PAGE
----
The Motivation for Muscles
Are Teens Trying to Get Fit…or Famous?
David R Smith
Ripped. Shredded. Swoled. While those adjectives sound painful to a guy like me, that gym jargon is exactly what many teenagers want these days. But their efforts have nothing to do with overall health or quality of life.
It’s just a part of their never-ending pursuit of popularity.
Do These Kids Look Jacked to You?
I recently remarked to my wife that it seemed like young people were taking strength training very, very seriously these days. Maybe it was because of my penchant for following school sports programs. Maybe it was due to the infinite number of images depicting physical perfection flooding my social media streams. Or, maybe it was simply because we have a teenager living in our house. I don’t know, but this article from The Guardian, a British news outlet, confirmed my observations by walking readers through the mindset and training routine of a 13-year-old kid named Charlie who lives across The Pond. (Side Note: Evidently, pushups are called “press ups” over there. No wonder we won the Revolutionary War.)
This newly minted teen maintains a diet that would rival most female Instagram models and works out as if his middle name was Daniel Craig. The kid is incredibly driven (even if he does admit to skipping leg day).
So, what’s Charlie’s motivation? Olympic aspirations? Improved health? Long life? No, the prize he’s after is much more temporal: he just wants to be liked…and get “likes.” Even as a kid, Charlie knows, “You have to look good on camera, or people are going to judge you.” Charlie’s “mum” knows the score, too. “The boys want to be fit because it gets a lot of attention from being like this – from girls.”
Is it fair to assume this is the motivation behind every kid who’s working out?
Hardly. For the past few months, our son Josiah (who graduated 8th grade this week) has been training as if he were starring in Rocky 11. He’s consuming massive amounts of protein, very few carbs, and drinking nothing but water (in spite of the fact that we live in the majestic Land of Sweet Tea). Unlike Charlie, however, our son’s training is almost exclusively lower body. For several months now, he’s been doing routines that include lunges, squats, calf raises, and the like. That’s because, as a basketball nut, his goal has been to “get rim” by June (which he accomplished earlier this week).
The bottom line is obvious: different kids may be involved in a wide variety of physical activities for a multitude of reasons. What about your family? Do you know what regiment(s) your kids are undertaking, if any, and why?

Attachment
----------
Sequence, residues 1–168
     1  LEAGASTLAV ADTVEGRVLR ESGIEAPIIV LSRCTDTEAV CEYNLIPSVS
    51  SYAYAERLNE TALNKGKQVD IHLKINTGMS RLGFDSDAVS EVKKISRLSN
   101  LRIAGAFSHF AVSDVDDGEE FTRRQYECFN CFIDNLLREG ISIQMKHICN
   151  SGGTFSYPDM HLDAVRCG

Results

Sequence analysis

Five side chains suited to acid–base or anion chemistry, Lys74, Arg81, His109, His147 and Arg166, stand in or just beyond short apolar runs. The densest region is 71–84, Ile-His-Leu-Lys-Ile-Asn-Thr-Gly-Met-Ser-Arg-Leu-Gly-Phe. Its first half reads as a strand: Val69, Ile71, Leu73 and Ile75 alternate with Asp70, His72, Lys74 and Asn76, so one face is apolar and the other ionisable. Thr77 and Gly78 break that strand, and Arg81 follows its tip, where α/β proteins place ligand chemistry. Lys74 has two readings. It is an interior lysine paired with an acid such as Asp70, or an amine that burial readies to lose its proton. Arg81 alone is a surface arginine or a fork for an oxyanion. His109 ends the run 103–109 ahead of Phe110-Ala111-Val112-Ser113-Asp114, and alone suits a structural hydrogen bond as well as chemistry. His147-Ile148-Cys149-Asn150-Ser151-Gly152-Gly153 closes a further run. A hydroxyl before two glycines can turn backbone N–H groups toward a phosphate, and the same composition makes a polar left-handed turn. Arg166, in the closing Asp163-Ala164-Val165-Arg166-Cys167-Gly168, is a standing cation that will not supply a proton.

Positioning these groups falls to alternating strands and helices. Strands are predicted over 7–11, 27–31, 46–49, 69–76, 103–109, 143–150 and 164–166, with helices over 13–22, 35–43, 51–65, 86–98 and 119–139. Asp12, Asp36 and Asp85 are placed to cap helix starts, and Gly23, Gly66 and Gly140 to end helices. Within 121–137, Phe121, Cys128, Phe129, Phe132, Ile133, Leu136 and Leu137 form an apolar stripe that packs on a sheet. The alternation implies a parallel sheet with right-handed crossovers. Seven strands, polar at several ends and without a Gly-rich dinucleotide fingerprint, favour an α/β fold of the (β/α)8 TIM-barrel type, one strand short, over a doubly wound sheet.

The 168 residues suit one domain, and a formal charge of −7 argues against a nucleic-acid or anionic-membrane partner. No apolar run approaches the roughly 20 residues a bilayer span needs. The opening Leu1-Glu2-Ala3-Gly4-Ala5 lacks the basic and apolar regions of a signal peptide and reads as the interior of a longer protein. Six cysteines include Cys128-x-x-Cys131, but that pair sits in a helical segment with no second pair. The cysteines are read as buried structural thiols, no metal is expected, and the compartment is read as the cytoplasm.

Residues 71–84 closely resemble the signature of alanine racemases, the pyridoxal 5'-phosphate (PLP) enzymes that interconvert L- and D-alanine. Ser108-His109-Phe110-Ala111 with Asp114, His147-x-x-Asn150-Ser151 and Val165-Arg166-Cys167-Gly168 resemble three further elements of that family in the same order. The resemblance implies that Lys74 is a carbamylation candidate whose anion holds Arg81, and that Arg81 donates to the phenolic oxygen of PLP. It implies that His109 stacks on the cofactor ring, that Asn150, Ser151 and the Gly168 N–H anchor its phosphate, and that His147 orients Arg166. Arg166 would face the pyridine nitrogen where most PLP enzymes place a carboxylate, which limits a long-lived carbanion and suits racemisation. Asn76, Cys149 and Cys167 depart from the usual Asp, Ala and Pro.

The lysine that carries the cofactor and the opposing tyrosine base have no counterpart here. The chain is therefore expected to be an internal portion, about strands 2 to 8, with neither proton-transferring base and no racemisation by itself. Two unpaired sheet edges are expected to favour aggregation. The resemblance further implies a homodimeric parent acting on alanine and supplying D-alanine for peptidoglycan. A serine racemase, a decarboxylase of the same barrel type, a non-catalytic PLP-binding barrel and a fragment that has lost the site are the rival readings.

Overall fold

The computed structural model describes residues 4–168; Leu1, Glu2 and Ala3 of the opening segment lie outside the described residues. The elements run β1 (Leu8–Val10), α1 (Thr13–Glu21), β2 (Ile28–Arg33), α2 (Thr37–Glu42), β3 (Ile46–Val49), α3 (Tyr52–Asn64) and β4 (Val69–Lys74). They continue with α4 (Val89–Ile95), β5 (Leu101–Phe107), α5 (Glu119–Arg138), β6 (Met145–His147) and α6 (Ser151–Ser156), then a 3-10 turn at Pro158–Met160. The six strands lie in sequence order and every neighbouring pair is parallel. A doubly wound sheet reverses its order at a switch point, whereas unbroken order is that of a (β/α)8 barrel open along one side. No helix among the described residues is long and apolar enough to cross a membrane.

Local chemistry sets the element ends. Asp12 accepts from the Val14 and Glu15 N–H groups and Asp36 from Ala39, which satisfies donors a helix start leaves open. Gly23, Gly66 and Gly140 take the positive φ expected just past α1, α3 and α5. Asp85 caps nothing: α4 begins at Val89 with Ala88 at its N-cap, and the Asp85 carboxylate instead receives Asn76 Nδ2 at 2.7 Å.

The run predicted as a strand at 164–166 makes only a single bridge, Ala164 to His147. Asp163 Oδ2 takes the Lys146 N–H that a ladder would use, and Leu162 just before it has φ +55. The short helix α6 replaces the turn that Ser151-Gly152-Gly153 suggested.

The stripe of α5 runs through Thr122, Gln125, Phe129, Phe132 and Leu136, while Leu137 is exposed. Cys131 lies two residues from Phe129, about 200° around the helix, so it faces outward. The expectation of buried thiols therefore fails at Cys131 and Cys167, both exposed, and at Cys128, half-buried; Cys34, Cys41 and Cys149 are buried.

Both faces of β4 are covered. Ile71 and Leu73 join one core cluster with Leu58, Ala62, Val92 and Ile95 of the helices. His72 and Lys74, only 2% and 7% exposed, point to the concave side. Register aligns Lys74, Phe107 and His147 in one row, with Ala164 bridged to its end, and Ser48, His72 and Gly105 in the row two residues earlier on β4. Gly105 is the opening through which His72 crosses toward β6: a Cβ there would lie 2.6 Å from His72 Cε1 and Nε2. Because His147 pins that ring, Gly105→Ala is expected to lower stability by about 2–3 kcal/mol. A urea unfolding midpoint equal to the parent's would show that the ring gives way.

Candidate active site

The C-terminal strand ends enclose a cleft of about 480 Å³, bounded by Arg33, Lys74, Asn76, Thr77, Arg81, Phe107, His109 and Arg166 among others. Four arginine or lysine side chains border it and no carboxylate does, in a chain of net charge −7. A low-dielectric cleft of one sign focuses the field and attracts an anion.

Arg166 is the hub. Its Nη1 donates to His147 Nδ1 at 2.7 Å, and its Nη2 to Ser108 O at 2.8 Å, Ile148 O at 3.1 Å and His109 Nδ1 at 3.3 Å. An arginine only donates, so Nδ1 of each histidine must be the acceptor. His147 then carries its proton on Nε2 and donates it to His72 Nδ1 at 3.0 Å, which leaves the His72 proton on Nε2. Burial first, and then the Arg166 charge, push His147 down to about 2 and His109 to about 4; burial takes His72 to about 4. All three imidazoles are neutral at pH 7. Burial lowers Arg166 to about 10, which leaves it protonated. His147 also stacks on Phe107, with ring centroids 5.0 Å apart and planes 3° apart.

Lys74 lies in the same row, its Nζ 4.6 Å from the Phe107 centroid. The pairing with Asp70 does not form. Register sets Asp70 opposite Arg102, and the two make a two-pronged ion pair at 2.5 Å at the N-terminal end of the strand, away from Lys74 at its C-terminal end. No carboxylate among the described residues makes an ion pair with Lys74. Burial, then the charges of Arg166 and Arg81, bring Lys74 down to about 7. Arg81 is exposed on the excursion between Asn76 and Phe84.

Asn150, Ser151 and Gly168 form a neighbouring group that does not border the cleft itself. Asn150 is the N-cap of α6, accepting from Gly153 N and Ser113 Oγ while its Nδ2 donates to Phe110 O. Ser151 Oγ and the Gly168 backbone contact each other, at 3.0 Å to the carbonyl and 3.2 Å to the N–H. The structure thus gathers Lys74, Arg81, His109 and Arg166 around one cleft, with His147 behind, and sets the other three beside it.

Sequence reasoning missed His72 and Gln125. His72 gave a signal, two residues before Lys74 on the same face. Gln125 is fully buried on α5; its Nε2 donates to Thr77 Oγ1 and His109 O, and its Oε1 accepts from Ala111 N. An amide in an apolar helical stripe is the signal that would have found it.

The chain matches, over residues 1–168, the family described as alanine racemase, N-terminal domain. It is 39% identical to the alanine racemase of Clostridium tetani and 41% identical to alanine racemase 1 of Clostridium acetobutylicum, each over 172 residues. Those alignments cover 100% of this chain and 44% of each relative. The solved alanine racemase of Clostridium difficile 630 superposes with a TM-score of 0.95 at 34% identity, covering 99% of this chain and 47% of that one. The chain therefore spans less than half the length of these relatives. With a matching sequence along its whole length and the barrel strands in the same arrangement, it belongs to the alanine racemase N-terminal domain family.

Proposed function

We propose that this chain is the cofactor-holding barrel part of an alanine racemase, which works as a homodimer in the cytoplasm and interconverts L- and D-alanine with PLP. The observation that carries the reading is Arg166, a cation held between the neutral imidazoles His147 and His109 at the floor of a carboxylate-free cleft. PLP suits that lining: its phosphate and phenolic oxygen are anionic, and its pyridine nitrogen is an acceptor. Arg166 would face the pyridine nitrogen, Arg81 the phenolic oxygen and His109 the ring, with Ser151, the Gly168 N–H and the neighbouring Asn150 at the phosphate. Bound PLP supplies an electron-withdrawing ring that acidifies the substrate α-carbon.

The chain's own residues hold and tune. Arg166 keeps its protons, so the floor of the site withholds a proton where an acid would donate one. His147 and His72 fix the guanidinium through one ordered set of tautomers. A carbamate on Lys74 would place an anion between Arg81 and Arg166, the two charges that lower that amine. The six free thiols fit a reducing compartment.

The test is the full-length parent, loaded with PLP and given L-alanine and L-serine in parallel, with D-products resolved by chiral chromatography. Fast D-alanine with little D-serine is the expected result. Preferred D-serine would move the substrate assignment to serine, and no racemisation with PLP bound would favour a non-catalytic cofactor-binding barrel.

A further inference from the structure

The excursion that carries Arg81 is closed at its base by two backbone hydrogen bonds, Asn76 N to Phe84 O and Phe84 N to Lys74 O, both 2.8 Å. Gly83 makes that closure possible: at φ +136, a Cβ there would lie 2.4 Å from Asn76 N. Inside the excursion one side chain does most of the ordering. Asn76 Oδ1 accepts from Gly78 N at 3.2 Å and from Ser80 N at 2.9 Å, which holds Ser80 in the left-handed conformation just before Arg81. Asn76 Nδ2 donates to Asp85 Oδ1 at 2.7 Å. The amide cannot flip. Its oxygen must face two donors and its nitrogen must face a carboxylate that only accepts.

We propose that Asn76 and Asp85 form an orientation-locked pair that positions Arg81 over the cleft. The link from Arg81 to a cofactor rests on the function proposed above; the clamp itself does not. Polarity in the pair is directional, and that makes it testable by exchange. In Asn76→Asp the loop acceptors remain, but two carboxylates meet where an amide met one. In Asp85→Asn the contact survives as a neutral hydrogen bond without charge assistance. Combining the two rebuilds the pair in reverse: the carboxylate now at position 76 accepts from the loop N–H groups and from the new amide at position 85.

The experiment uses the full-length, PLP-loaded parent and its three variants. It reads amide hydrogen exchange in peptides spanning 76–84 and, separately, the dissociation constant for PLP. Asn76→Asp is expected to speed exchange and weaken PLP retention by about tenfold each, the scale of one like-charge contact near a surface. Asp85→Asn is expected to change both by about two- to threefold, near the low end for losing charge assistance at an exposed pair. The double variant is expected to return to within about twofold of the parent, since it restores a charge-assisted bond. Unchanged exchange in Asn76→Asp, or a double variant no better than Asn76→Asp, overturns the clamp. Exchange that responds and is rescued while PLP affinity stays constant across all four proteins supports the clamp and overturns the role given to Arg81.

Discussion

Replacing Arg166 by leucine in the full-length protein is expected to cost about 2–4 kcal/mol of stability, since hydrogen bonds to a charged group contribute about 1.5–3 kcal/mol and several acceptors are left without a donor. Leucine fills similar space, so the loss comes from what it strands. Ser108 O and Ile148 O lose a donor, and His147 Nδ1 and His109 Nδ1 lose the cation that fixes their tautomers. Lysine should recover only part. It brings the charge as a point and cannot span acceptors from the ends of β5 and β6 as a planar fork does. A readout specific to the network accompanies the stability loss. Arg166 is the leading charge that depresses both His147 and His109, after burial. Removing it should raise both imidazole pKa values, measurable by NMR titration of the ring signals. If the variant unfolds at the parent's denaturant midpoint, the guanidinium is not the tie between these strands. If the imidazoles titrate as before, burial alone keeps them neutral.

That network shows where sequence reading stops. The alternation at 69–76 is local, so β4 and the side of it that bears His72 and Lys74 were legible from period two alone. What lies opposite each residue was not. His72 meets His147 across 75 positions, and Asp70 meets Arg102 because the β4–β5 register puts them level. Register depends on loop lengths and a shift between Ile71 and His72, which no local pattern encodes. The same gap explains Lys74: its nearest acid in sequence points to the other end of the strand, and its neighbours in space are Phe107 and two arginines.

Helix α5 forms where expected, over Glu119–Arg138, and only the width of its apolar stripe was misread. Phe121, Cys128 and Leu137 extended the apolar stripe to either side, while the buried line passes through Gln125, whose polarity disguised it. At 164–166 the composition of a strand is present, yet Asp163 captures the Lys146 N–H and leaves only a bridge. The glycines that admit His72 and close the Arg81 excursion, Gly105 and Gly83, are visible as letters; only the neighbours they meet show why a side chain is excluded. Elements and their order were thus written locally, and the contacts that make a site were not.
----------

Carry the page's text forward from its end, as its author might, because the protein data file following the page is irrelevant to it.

I get it; the ongoing lockdown has provided more hours in the day than most of our kids can fill. And with summer on the horizon, that trend will continue for at least another two months. Many parents are looking for activities that will keep their kids occupied…and themselves sane. Exercise, training, and working out are fantastic ways to round out a healthy schedule. Granted, most gyms are still closed (unless you live in Florida) but there are plenty of terrific home workout apps available on both Apple and Android to help you get the job done. If your teenager has taken an interest in physical conditioning of any kind, I’d like to offer these three suggestions:
- Discover their motivation. Chances are good that their drive to work out stems from something positive such as “getting in shape,” or “joining the team next season,” or “meeting new people.” Great! But it might also be a response to flagging self-esteem or even bullying. If that’s the case, they will likely need much more than a training schedule. You won’t know until you find out what’s behind their endeavors, so ask some simple, unassuming questions to determine their purpose and how you might help. Speaking of help….
- Keep them balanced. We need to help our kids avoid the extremes found at both ends of the spectrum. It’s not good for teens to lounge around eating junk food all day; nor is it healthy for them to pull two-a-days for months on end at the expense of their academics, relationships, or joy. Help them strike a balance between the two so they can live life to the fullest.
- Join them in the process. Yep, lace up your sneakers and work out with them. Not only will you increase the amount of quality time spent with your kids, but you’ll probably improve your own health in the process. (And it sounds like many of us could use a little exercise to work off the effects of quarantine.) No excuses.
Take advantage of this unusual season we find ourselves in and provide a dose of healthiness for your whole family.
David R. Smith
David R. Smith is the author of several books including Christianity... It's Like This and speaks to parents and leaders across the U.S. David is a 15-year youth ministry veteran, now a senior pastor, who specializes in sharing the gospel, and equipping others do the same. David provides free resources to anyone who works with teenagers on his website, DavidRSmith.org David resides with his wife and son in Tampa, Florida.